Commands before shooting? Roll camera, sound...

What are the commands right before shooting? And what order?

Quiet on the set.... Roll sound.... Roll camera.... Roll marker (how do you call this one again?) .... Action!


Are those the main ones? Whats the command for clapper?
 
They have responses, too.

Picture is up!

Roll sound
Sound is speeding

Roll camera
Camera's speeding

Slate
Movie - Scene X - Take X - Mark! (or soft sticks! if slate is right up in actor's face, or with variations if multiple cameras are used)

Boom. (pause)
Boom. (pause)
Move the effin' boom!!! :bag:

Action.

Well, that one way, I 'spose. :lol:

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I worked on a grad film a few months ago and the calls went

SOUND? - Set.
CAMERA? - Set.
ROLL SOUND. - Sound rolling.
ROLL CAMERA. - Camera speed.
MARKER. - Scene 1, Roll 1, Take 1 etc.








































aaaaaaaaaaaaaaaaaaaaaaaaaaaaaaaaaaaaaaaaaaaaaaaaaaaaaaaaaaaaaaaaaaaaaaand...








ACTION!
 
In general, on no / lo-budget productions I find it more like this:


Lights? 'Ready'
Sound? No, no, sorry guys - there's a little buzzing coming from somewhere.

* Frantic 20 minute search finding an electromagnetic disturbance coming from the room above. Sound moves around to compensate... *

OK guys lets get it together.

Lights? 'Ready'
Sound? Erm, there's a little noise coming from somewhere...

* Frantic 20 minute search finally locating a mini fridge hiding in a corner which needs to be turned off *

OK, for f"ck's sake, let's get it together guys...
Lights? 'Ready'
Sound: * Mobile phone goes off somewhere... *

For f"ck's sake, who the f"ck left their goddam mobile phone on? Jesus H Christ, didn't you all hear the goddam instruction to turn them all off? I mean, for crying out loud, when was the last time...

* 20 minutes later following a long, directorial rant *

Lights: 'Ready'
Sound: Ready, erm, hold on a second guys I think I hear something going on outside... * Ear-piercing shriek of sirens arriving, police getting out, doors being slammed, arrests being made from the building opposite... *

* Sounds of director headbutting the wall... *
 

jax_rox

Staff Member
Moderator
It's generally more streamlined than all of the above... Here's what we have I'm Aus:

1st AD: Turnover!

PSM: Sound speed

2nd AC (Clapper/Loader): 13-1 Take 1 (Maybe 13-Apple Take 1 if in the US or running with US slating style)
Holds sticks in front of cam

1st AC or DP hits record and says: Mark

2nd AC hits the sticks and runs away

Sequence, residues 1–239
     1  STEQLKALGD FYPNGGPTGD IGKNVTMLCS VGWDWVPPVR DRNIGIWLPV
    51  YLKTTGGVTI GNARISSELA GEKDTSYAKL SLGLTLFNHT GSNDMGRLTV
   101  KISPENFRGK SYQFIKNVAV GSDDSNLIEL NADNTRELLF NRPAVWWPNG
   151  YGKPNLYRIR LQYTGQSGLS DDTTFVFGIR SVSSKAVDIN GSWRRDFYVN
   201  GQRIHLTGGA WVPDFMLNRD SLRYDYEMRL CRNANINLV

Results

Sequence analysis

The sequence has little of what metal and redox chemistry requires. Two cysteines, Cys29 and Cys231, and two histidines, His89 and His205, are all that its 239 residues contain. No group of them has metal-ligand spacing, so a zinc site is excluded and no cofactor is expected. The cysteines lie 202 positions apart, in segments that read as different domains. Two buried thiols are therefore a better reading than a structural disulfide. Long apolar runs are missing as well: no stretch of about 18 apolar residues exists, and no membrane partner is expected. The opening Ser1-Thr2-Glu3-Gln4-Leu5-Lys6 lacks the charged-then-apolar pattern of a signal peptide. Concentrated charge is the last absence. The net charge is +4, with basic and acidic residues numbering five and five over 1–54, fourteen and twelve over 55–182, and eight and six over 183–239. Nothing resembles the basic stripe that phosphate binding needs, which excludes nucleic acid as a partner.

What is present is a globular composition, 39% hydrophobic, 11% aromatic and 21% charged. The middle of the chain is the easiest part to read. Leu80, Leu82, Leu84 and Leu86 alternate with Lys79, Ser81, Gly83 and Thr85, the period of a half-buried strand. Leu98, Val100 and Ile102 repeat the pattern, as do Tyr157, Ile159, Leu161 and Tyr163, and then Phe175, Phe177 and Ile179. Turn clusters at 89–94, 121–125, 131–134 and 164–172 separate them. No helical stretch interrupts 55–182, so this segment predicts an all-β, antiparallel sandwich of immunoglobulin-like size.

DP/Operator: Frame (when their frame is set)

Director: .... Action

There isn't really a need to call every single thing unless working with an inexperienced crew - if you have an inexperienced 2bd AC who doesn't know much about slating, you might call for 'slate in'.

It can also be slightly different in the film world, as the 1st AC is often at a position where he can see where the camera is up to speed and will call 'speed'.

It can differ slightly, but I've only seen 1st and 2nd year film sets call every thing (ie: Sound, cam, slate etc.)
 
In my very little experience so far, the director has no need to tell the crew to roll the sound, then roll camera. He or she just tells the crew to roll everything or switch everything on.

So far it's the DP who says action though. The DP takes the longest to set up, and get the camera in right position for movement, and in focus and framing. So the DP might as well say action if they are usually waited on last.
 
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jax_rox

Staff Member
Moderator
So far it's the DP who says action though. The DP takes the longest to set up, and get the camera in right position for movement, and in focus and framing. So the DP might as well say action if they are usually waited on last.
The DP should never call Action. Either the Director or 1st AD will call 'Action' and the Director always calls cut. The DP or operator will call 'frame' to let you know he's ready and framed and then the Director or 1st AD can call Action.
 
In my very little experience so far, the director has no need to tell the crew to roll the sound, then roll camera. He or she just tells the crew to roll everything or switch everything on.

So far it's the DP who says action though. The DP takes the longest to set up, and get the camera in right position for movement, and in focus and framing. So the DP might as well say action if they are usually waited on last.